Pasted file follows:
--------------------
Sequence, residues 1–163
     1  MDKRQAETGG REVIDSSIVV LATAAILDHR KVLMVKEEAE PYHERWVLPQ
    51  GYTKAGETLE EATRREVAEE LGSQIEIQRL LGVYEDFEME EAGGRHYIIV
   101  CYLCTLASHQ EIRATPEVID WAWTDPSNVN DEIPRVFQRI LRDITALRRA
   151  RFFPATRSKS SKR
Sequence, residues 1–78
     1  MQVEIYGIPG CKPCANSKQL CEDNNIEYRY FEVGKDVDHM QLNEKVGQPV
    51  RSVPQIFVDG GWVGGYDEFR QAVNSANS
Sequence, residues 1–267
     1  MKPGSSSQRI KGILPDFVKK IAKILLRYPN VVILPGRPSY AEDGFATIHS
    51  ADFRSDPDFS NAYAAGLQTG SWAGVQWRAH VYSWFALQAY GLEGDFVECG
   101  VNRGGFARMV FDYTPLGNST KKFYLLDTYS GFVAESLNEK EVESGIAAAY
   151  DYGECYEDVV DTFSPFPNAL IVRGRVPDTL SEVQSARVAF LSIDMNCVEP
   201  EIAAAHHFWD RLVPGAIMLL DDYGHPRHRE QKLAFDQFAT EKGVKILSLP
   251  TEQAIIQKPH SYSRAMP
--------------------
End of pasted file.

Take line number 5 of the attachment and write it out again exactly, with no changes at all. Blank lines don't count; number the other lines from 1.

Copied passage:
   151  RFFPATRSKS SKR